Day Jeffrey Epstein Told Me He Had Dirt
on Powerful People
By James B. Stewart
The overriding impression I took away from our roughly 90-minute conversation was that Mr. Epstein knew an astonishing number of rich, famous and powerful people, and had photos to prove it. He also claimed to know a great deal about these people, some of it potentially damaging or embarrassing, including details about their supposed sexual proclivities and recreational drug use.
So one of my first thoughts on hearing of Mr. Epstein’s suicide was that many prominent men and at least a few women must be breathing sighs of relief that whatever Mr. Epstein knew, he has taken it with him.
During our conversation, Mr. Epstein made no secret of his own scandalous past — he’d pleaded guilty to state charges of soliciting prostitution from underage girls and was a registered sex offender — and acknowledged to me that he was a pariah in polite society. At the same time, he seemed unapologetic. His very notoriety, he said, was what made so many people willing to confide in him. Everyone, he suggested, has secrets and, he added, compared with his own, they seemed innocuous. People confided in him without feeling awkward or embarrassed, he claimed.
I’d never met Mr. Epstein before. I had contacted him because my colleagues and I had heard a rumor that he was advising Tesla’s embattled chief executive, Elon Musk, who was in trouble after announcing on Twitter that he had lined up the funding to take Tesla private.
The Securities and Exchange Commission began an investigation into Mr. Musk’s remarks, which moved markets but didn’t appear to have much basis in fact. There were calls for Mr. Musk to relinquish his position as Tesla’s chairman and for Tesla to recruit more independent directors. I’d heard that Mr. Epstein was compiling a list of candidates at Mr. Musk’s behest — and that Mr. Epstein had an email from Mr. Musk authorizing the search for a new chairman.
Mr. Musk and Tesla vehemently deny this. “It is incorrect to say that Epstein ever advised Elon on anything,” a spokeswoman for Mr. Musk, Keely Sulprizio, said Monday.
When I contacted Mr. Epstein, he readily agreed to an interview. The caveat was that the conversation would be “on background,” which meant I could use the information as long as I didn’t attribute it directly to him. (I consider that condition to have lapsed with his death.)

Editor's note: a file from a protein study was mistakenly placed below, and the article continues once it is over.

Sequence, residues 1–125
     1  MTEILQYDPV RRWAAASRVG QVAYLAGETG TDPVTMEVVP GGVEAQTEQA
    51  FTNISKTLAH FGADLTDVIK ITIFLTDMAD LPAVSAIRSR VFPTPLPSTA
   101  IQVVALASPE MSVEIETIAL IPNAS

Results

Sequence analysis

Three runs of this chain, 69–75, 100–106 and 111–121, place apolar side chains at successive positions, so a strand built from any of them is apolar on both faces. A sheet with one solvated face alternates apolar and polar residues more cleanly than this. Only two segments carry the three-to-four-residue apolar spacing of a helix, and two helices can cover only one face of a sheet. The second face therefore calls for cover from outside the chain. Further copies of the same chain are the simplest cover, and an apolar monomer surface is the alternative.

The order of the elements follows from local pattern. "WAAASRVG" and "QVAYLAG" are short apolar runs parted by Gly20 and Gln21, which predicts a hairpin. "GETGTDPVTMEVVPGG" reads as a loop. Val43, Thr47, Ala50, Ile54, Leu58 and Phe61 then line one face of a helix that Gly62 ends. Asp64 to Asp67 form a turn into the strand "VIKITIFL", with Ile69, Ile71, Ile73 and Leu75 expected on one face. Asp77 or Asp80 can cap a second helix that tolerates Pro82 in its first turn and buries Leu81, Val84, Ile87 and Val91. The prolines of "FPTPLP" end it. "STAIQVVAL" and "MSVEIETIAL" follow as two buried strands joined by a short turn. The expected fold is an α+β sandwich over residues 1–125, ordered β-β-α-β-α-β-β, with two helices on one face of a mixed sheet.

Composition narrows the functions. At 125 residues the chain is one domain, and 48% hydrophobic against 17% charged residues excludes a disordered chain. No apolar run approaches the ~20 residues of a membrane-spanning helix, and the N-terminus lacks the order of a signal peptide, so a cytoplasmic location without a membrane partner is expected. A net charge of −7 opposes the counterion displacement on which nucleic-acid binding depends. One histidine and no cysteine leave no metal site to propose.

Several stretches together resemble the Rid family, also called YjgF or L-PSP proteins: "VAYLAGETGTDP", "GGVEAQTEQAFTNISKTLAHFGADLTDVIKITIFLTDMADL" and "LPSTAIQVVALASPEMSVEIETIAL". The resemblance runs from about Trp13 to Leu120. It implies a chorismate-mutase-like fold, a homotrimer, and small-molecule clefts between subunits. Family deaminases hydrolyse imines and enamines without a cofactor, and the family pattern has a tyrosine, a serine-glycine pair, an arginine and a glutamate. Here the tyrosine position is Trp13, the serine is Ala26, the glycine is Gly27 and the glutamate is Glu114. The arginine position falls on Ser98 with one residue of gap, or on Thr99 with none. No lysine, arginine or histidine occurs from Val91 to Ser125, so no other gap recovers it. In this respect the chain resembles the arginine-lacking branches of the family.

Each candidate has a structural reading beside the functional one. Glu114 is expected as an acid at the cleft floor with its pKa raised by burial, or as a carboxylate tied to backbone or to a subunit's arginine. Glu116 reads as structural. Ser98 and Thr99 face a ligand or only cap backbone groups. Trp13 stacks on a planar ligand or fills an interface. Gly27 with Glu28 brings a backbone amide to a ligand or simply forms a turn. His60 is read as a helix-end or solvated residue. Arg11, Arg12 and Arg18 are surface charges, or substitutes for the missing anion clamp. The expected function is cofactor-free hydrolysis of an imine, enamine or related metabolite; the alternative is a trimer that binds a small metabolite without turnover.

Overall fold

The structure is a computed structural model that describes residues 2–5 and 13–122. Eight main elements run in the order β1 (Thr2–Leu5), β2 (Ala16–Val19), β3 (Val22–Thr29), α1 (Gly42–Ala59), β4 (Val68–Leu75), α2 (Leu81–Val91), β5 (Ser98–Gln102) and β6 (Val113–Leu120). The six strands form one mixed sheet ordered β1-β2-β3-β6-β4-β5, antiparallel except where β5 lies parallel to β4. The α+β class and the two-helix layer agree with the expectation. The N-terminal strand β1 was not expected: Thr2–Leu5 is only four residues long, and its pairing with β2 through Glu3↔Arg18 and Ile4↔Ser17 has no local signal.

He insisted that I meet him at his house, which I’d seen referred to as the largest single-family home in Manhattan. This seems plausible: I initially walked past the building, on East 71st Street, because it looked more like an embassy or museum than a private home. Next to the imposing double doors was a polished brass plaque with the initials “J.E.” and a bell. After I rang, the door was opened by a young woman, her blond hair pulled back in a chignon, who greeted me with what sounded like an Eastern European accent.
I can’t say how old she was, but my guess would be late teens or perhaps 20. Given Mr. Epstein’s past, this struck me as far too close to the line. Why would Mr. Epstein want a reporter’s first impression to be that of a young woman opening his door?
The woman led me up a monumental staircase to a room on the second floor overlooking the Frick museum across the street. It was quiet, the lighting dim, and the air-conditioning was set very low. After a few minutes, Mr. Epstein bounded in, dressed casually in jeans and a polo shirt, shook my hand and said he was a big fan of my work. He had a big smile and warm manner. He was trim and energetic, perhaps from all the yoga he said he was practicing. He was undeniably charismatic.
Before we left the room he took me to a wall covered with framed photographs. He pointed to a full-length shot of a man in traditional Arab dress. “That’s M.B.S.,” he said, referring to Mohammed bin Salman, the crown prince of Saudi Arabia. The crown prince had visited him many times, and they spoke often, Mr. Epstein said.
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